OSAKA – When the sun goes down, panels made with a special tile material produced by an Osaka-based start-up help light up the night across Japan.
The material, called Luna Ware, absorbs energy during the day and releases it at night, shining brightly.
Luna Ware is now used in emergency exit signs at Tokyo metro station complexes and on a building in Wakayama Prefecture. It is also used in train stations and school billboards in Fukushima Prefecture.
Developed by Codomo Energy Co., Luna Ware is made by mixing a glassy glaze with a luminous pigment before the baking process.
The company said it can continue to glow at night for more than 12 hours after refueling with sunlight or artificial lighting during the day.
The product is not dependent on electricity, so it is environmentally friendly and can shine even in the event of a power failure. It is resistant to flooding and fires because its phosphorescent characteristics are not lost by exposure to water or flame.
It resists wear and can therefore be used on ground surfaces with heavy foot traffic.
Luna Ware material produces illumination when it is crushed into pebbles and scattered on the ground. This is how it is used in tourist sites in Japan, including the Daigoji temple in Kyoto, a UNESCO World Heritage Site.
EXPECTED ATTENTION IN 2018 THE RESCUE OF CAVES
Luna Ware was also instrumental in the 2018 rescue of 13 people, mostly boys, trapped in a cave in Thailand that kept the world on their toes for more than two weeks.
A large pool of water created by heavy rains separated the boys at the bottom of the cave from its entrance. Rescuers in the dark struggled.
Enter Yasunori Iwamoto, President of Codomo Energy, who has offered to supply several hundred pieces of a Luna Ware product.
Divers wore some of them on their helmets and fins to allow themselves to be located by colleagues and left others at the bottom of the pool to act as guides, officials said.
THE IDEA CAME FROM THE MAKING OF PORCELAIN
Iwamoto, 59, started out as a builder who worked, among other things, installing modular baths and renovating homes and other structures.
He sometimes handled building materials containing toxic chemicals. He thus develops the desire to achieve lifestyles respectful of man and the environment, it is for this purpose that he founded Codomo Energy in 2004.
He named his company “kodomo”, the Japanese word for child (ren), out of concern for the protection of the younger ones, who will be the main players in the next generation.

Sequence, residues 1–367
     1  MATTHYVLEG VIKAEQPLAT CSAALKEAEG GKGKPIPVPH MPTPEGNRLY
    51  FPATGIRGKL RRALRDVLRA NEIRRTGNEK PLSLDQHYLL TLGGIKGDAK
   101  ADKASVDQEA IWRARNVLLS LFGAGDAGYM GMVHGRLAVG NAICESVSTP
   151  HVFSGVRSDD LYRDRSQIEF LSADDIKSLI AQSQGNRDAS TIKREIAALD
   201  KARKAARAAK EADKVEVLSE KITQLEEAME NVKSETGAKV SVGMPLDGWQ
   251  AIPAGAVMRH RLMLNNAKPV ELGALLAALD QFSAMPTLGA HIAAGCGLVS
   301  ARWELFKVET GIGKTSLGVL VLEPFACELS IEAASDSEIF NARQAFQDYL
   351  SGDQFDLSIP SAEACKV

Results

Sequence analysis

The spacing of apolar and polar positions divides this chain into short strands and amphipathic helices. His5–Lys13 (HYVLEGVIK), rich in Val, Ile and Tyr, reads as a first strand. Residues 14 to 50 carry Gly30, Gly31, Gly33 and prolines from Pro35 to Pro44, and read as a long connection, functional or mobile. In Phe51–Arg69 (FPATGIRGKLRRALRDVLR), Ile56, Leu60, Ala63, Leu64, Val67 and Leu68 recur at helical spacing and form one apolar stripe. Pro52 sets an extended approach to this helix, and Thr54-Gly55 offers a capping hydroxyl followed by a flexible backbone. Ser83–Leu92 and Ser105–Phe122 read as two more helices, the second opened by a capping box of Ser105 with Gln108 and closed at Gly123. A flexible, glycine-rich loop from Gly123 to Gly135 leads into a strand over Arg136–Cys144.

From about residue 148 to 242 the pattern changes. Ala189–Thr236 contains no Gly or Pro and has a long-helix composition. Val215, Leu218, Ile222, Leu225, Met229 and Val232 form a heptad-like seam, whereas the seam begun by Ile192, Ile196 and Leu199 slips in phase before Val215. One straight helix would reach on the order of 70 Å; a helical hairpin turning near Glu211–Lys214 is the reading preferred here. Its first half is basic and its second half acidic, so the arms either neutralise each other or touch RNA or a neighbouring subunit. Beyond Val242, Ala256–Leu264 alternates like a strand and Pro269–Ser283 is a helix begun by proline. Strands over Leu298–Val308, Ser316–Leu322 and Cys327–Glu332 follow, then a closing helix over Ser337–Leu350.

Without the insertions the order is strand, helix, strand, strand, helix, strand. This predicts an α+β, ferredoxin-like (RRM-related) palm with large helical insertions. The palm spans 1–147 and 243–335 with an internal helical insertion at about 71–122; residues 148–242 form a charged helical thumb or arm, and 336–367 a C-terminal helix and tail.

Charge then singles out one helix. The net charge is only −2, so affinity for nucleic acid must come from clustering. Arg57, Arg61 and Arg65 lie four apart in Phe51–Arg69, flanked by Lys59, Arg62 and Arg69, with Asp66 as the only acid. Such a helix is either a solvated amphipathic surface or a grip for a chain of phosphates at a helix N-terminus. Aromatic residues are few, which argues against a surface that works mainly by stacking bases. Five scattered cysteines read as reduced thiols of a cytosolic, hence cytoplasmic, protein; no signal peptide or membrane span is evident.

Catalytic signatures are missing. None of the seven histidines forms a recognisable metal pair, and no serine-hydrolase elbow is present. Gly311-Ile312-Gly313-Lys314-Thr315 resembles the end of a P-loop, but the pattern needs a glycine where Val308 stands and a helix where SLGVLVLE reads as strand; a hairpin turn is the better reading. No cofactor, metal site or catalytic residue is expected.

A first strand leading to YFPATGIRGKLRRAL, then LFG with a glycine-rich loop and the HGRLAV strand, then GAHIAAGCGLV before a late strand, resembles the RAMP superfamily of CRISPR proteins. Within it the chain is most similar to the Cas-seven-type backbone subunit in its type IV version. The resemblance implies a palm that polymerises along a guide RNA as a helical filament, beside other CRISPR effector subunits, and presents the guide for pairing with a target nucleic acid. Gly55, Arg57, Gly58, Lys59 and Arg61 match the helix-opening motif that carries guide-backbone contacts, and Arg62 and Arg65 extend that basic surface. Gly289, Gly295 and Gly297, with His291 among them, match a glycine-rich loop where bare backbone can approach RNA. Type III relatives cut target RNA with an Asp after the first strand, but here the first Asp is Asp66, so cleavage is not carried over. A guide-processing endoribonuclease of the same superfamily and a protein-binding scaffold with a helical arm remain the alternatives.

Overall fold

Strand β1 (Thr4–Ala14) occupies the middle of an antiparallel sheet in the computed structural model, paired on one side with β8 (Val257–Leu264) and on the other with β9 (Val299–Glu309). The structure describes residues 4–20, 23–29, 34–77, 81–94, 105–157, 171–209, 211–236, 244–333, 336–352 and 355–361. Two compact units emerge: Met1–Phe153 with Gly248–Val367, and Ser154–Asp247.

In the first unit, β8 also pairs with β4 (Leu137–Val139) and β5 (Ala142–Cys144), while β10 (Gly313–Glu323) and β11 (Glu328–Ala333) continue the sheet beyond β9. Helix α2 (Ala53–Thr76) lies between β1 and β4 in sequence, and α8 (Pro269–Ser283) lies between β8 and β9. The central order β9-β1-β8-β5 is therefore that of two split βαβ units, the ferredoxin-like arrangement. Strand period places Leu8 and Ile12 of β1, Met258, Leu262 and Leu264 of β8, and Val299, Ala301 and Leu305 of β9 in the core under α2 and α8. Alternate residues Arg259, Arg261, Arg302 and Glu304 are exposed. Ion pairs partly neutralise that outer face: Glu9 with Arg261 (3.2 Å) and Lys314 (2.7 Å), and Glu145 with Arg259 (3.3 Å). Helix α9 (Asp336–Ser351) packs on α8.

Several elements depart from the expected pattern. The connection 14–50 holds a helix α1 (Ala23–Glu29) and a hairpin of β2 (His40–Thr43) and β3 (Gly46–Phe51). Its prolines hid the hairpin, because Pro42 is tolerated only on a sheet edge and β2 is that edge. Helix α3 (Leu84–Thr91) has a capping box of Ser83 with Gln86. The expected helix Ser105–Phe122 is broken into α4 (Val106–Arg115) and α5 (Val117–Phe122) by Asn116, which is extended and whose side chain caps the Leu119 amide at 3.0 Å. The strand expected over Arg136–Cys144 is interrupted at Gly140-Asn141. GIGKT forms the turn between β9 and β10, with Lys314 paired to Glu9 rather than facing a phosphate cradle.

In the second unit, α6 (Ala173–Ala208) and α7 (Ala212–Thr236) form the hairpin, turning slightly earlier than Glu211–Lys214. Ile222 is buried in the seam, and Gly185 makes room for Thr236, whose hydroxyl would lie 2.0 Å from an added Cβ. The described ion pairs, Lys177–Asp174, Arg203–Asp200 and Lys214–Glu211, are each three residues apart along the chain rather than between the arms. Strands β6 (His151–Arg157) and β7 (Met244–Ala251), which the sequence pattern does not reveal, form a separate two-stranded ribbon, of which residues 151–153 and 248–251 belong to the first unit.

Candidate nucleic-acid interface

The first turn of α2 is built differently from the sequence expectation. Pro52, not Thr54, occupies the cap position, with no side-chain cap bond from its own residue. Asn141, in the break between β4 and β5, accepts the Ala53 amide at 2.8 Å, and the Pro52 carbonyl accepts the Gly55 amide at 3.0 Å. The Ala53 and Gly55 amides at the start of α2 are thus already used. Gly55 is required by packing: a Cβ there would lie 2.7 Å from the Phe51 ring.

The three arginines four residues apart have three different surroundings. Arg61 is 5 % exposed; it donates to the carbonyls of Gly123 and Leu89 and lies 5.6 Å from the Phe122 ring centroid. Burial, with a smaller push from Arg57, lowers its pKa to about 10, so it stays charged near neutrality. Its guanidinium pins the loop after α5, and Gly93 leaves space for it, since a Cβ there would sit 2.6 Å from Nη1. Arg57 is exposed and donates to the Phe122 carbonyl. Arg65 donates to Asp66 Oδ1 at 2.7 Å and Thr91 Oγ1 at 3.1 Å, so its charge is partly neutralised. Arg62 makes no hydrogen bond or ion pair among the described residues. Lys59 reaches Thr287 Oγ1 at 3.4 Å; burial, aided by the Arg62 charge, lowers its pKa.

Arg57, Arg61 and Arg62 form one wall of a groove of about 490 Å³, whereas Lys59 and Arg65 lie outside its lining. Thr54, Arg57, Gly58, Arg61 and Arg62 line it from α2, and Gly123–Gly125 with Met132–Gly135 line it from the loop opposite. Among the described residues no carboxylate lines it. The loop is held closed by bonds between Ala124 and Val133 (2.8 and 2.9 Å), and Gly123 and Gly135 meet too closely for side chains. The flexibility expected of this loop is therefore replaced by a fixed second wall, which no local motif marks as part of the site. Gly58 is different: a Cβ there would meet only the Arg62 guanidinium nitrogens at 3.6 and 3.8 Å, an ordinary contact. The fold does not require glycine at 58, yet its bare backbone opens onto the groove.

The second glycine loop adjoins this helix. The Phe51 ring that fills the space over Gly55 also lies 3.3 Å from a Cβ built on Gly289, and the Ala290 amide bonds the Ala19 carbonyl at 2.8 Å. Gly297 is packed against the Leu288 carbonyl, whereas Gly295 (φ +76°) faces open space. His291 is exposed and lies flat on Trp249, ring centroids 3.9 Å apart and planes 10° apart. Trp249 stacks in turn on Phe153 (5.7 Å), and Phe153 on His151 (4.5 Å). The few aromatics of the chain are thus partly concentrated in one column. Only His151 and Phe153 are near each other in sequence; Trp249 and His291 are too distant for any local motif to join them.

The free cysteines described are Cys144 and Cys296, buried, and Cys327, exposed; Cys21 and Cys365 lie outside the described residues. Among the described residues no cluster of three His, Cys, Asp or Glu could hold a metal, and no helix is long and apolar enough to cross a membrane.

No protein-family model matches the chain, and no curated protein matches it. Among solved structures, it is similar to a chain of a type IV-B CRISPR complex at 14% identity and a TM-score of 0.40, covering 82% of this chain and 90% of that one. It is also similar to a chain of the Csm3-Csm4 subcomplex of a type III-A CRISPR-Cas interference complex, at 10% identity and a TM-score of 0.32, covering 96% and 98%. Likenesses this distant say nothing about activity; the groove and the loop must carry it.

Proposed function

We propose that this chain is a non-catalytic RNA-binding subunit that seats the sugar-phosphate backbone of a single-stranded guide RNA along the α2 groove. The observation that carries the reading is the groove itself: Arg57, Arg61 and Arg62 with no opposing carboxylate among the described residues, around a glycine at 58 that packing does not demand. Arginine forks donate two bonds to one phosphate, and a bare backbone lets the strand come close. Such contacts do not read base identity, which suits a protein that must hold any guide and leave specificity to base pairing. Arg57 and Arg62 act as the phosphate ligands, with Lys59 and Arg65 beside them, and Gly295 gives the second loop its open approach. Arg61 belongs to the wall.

He started developing Luna Ware after hearing about a product from Arita, a traditional porcelain from Saga Prefecture, which used a luminous pigment. He thought he would use this technology to create a product for energy saving and disaster management purposes.
Plastic and other products using luminous pigments were already available, but Iwamoto believed he would be able to make a brighter product.
He relied on Arita ware technology to coat the porcelain with glaze and fired it to create a vitreous layer.
He thus created the Luna Ware, whose phosphorescent characteristics are semi-permanent because it is made by mixing glaze with a luminous pigment before the firing process so that the pigment ends up being vitrified and protected from air and water. humidity.
Iwamoto released the first Luna Ware model for sale in 2009 and has continued to improve it.
He installed three ovens in the back of the head office and made hundreds of test products to study, over and over again, at what temperatures and for how many hours the products had to be baked to achieve improved characteristics.
The current Luna Ware model was completed around 2013 or 2014 at the end of about a decade of development.
An emergency exit signage product using the Luna Ware has been certified by an institution registered with the Fire and Disaster Management Agency as meeting its performance requirements.
PRODUCED IN FUKUSHIMA AS A SYMBOL
Following the Fukushima nuclear disaster in 2011, the company’s Luna Ware mass production plant was set up in Kawauchi, Fukushima Prefecture, not far from the crippled Fukushima No.1 nuclear power plant.
Iwamoto had no connection with the community affected by the disaster, but he decided, partly at the request of the authorities concerned, to help advance the reconstruction work by creating jobs there.
Fukushima Prefecture is symbolic land where nuclear power, one of the conventional energy sources, has revealed its own limits. Iwamoto thought that making a bright, power-free tile product could help stimulate thinking about future energy sources.
The Luna Ware, unfortunately, is a bit pricey. An emergency exit sign of a standard size of about four inches per side costs about 25,000 yen ($ 220).
Iwamoto, however, remains as passionate as he was when he first developed Luna Ware.
“Our product will eventually gain recognition if only it is useful,” said the president.